The Risk Reporting Matrix is used to determine the level of risks identified within a program. The level of risk for each root cause is reported as low (green), moderate (yellow), or high (red).


The Goal of the Risk Reporting Matrix

The overall goal of risk reporting is to provide the Program Manager and project personnel a method for managing and communicating risk. The risk matrix provides a good and effective visual medium for communicating a program’s risks and their severity. 


There are three (3) steps associated with the Risk Reporting Matrix: [1]


Step One
Determine the level of likelihood of a risk occurring by using established criteria.  These criteria should be detailed in the Risk Management Plan. Example criteria are below. [1]


Level Likelihood Probability of Occurrence
1 Not Likely 10%
2 Low Likely 30%
3 Likely 50%
4 High Likely 70%
5 Near Certain 90%


Step Two
Determine the level and types of consequences of each risk using established criteria; Risk Confidence & Probability. These criteria should be detailed in the Risk Management Plan.  Example criteria are below. [1]


Level Technical Performance Schedule Cost
1 Minimal or no consequence to technical performance Minimal or no impact Minimal or no impact
2 Minor reduction in technical performance or Supportability can be tolerated with little or no impact on the program Able to meet key dates.
Slip < * month(s)
Budget increase or
unit production cost
< ** (1% of
3 A moderate reduction in technical performance or
supportability with limited impact on program objectives
Minor schedule slip. Able to meet key milestones with no schedule float.
Slip < * month(s)
Sub-system slip > *
month(s) plus available
Budget increase or
unit production cost
< ** (5% of
4 Significant degradation in technical performance or major shortfall in supportability; may jeopardize program success Program critical path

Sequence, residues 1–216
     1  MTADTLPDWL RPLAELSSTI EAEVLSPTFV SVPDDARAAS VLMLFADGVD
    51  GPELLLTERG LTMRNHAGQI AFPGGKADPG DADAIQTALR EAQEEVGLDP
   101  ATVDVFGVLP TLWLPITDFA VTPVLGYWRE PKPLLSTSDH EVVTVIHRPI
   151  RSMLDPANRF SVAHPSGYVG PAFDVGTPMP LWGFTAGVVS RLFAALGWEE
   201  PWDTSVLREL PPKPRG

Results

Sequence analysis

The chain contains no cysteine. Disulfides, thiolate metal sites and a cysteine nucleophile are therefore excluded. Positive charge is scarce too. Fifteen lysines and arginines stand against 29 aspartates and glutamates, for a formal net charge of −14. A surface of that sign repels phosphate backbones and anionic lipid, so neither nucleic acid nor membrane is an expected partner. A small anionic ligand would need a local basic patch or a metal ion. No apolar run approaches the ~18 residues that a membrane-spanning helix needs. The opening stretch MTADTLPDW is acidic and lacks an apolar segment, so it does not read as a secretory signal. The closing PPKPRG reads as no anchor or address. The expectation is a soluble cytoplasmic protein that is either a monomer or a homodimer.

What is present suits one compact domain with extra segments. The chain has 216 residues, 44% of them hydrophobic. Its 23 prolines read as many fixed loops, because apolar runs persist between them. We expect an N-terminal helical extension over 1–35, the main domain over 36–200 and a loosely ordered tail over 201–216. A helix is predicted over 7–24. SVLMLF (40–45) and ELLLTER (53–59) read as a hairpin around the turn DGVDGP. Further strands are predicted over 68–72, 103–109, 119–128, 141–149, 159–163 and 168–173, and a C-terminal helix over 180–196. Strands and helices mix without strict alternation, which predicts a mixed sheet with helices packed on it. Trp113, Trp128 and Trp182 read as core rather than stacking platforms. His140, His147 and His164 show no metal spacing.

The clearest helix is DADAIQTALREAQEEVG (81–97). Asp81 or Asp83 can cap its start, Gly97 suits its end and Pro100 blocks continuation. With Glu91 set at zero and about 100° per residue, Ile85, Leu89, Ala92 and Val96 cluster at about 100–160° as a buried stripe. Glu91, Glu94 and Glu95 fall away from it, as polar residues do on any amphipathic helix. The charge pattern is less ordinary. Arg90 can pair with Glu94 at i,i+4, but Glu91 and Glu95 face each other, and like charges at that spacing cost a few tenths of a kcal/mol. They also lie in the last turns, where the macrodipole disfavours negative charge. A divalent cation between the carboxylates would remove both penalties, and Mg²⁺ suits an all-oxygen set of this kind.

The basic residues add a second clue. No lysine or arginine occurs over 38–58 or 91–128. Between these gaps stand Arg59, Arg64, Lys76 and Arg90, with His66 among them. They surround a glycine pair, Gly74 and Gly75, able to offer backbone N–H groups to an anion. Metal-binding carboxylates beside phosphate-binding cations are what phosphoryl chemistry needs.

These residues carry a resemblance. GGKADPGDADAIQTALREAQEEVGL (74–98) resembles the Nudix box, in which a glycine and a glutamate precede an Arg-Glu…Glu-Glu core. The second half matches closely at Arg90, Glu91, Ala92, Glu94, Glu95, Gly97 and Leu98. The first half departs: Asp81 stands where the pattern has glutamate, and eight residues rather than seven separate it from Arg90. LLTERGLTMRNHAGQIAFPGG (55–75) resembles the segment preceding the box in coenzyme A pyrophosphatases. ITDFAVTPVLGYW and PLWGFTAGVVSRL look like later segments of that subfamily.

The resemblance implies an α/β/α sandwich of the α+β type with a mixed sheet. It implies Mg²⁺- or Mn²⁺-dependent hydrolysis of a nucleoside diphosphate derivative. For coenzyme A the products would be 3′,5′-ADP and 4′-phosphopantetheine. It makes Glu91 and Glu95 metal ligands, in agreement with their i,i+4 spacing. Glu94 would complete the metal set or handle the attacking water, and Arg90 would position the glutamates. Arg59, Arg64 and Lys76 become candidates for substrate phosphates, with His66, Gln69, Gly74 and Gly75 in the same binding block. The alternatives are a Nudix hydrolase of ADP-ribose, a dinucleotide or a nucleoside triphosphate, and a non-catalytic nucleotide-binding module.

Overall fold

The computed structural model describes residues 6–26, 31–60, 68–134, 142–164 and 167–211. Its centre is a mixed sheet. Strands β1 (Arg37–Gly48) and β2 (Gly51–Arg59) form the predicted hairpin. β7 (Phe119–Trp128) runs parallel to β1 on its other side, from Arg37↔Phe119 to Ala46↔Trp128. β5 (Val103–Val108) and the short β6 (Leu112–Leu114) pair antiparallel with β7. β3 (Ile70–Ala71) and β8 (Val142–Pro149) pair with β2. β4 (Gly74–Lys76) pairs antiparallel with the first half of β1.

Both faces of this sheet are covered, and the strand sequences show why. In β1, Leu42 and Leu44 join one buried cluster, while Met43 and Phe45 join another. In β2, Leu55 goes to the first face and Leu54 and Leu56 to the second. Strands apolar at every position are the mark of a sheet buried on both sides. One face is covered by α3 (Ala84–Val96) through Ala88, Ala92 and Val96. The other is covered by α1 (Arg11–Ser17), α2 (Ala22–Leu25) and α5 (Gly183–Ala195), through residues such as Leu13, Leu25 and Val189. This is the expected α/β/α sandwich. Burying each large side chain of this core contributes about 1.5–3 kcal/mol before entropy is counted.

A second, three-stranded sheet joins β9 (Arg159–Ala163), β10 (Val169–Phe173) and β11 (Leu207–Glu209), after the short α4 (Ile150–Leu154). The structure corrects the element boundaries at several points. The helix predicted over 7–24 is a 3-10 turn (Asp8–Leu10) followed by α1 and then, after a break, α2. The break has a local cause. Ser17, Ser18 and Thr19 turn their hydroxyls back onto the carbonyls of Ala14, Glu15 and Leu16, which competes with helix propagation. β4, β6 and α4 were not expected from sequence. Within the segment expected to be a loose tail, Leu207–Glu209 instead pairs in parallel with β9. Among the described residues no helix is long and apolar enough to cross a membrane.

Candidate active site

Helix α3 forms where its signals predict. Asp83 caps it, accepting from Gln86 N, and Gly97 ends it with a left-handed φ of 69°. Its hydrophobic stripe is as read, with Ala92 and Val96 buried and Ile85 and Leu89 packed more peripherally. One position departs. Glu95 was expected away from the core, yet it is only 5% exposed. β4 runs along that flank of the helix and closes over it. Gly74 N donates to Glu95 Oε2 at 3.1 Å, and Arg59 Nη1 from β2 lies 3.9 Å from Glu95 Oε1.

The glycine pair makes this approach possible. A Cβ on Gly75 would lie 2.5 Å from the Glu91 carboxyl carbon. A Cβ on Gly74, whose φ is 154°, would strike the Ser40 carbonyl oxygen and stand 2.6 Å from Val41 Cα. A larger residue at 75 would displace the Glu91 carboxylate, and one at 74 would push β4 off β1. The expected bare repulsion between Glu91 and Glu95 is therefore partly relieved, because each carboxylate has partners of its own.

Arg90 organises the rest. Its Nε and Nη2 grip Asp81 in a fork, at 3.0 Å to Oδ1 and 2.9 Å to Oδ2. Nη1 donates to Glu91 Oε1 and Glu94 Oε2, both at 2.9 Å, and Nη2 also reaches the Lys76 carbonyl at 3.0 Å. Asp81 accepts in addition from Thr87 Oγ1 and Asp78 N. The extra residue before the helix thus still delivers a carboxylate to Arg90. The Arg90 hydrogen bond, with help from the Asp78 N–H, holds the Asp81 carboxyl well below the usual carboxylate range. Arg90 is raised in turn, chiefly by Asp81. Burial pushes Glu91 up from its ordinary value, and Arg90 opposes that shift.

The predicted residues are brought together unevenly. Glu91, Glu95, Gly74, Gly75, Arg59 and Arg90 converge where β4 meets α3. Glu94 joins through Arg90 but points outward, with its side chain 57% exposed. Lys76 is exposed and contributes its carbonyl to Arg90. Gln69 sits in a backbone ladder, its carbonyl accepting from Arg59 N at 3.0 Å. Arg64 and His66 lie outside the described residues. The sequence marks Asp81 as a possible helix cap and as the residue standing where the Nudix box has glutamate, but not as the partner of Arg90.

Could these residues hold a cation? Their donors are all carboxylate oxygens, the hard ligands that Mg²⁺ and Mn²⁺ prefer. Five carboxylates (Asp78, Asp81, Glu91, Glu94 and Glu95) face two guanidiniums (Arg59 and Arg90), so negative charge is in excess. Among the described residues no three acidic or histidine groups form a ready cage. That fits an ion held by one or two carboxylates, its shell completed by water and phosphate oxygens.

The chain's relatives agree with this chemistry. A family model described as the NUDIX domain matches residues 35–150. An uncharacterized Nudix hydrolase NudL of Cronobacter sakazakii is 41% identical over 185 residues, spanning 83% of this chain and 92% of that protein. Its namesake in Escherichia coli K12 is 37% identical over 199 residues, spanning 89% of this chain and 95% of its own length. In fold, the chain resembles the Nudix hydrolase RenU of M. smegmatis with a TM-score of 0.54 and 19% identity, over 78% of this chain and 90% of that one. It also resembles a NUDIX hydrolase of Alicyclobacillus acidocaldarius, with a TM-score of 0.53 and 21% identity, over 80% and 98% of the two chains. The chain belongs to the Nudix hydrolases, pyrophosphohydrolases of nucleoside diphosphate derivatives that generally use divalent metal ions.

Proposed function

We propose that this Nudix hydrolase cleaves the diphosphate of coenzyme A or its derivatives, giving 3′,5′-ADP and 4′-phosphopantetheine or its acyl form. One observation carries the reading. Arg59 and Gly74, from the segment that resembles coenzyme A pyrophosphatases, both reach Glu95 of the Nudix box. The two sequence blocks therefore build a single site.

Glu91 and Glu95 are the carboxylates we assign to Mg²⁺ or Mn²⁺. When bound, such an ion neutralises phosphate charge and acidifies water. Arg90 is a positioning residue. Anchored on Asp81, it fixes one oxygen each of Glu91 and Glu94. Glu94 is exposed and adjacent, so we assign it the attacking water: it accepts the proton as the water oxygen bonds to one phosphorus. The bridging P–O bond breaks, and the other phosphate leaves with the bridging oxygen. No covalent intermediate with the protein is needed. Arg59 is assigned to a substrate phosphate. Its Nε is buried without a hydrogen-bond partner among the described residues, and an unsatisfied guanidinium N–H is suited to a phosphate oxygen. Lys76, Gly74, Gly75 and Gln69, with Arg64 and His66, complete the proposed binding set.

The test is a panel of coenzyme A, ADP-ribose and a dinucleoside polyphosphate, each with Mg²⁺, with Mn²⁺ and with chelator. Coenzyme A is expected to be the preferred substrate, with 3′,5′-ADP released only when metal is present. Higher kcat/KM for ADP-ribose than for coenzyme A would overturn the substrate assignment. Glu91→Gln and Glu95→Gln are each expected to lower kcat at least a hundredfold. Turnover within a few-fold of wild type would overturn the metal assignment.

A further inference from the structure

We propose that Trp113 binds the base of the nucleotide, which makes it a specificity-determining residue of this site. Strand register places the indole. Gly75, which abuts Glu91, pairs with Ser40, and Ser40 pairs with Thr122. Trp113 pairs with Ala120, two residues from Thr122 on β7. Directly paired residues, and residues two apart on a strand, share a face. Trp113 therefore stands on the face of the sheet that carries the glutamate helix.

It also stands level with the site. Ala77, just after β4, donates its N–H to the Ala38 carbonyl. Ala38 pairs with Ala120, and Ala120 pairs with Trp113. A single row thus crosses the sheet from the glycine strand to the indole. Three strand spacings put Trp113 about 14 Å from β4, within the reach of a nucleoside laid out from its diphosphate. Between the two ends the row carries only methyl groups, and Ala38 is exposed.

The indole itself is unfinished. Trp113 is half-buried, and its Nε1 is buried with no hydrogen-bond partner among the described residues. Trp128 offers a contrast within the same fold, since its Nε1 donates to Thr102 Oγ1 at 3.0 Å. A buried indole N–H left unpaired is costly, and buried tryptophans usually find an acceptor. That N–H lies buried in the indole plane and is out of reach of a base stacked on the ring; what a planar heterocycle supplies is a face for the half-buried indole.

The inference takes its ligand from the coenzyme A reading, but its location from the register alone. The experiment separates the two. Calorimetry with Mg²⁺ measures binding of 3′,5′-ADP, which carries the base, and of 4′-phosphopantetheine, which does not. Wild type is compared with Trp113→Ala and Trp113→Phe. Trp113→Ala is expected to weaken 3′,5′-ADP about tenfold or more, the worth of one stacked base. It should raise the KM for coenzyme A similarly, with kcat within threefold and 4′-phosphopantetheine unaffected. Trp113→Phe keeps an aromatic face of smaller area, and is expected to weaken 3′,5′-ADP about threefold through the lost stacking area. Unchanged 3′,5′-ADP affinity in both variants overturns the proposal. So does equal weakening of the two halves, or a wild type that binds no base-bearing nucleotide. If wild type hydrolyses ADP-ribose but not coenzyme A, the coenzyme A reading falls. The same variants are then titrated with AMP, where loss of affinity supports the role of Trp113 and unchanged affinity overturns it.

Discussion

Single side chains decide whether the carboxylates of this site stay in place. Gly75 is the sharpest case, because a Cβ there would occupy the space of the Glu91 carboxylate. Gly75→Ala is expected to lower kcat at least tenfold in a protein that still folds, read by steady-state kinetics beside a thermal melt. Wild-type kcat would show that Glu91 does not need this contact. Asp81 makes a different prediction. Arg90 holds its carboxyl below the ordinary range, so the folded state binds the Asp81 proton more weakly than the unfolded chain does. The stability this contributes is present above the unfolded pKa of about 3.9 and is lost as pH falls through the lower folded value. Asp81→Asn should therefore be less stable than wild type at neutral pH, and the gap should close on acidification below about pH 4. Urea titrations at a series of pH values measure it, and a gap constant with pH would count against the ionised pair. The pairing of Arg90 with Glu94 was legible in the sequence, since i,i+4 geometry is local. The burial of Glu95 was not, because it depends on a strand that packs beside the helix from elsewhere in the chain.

Slip < * months
Budget increase or
unit production cost
< ** (10% of
5 Severe degradation in technical performance; Cannot meet KPP or key technical/supportability threshold; will jeopardize program success Cannot meet key program milestones.
Slip > * months
Exceeds APB
> ** (10% of


Step Three
Plot the results for each risk in the corresponding single square (as pointed to by the arrow) on the Risk Reporting Matrix. [1]


Risk Matrix Plot


Risk Prioritization

Once a risk matrix has been developed, the program manager and project team can determine which risk takes priority. Determining this Risk Prioritization should consider the following:

  • What is the likelihood and maximum of the cost, schedule, and performance impacts
  • What is the cost associated with the risk
  • What is the cost for risk mitigation activities
  • What is the impact of the risk on the program 
  • What is the time frame and frequency of occurrence, and
  • Is there an impact on other risks


AcqLinks and References:

Updated: 4/29/2021

Rank: G1

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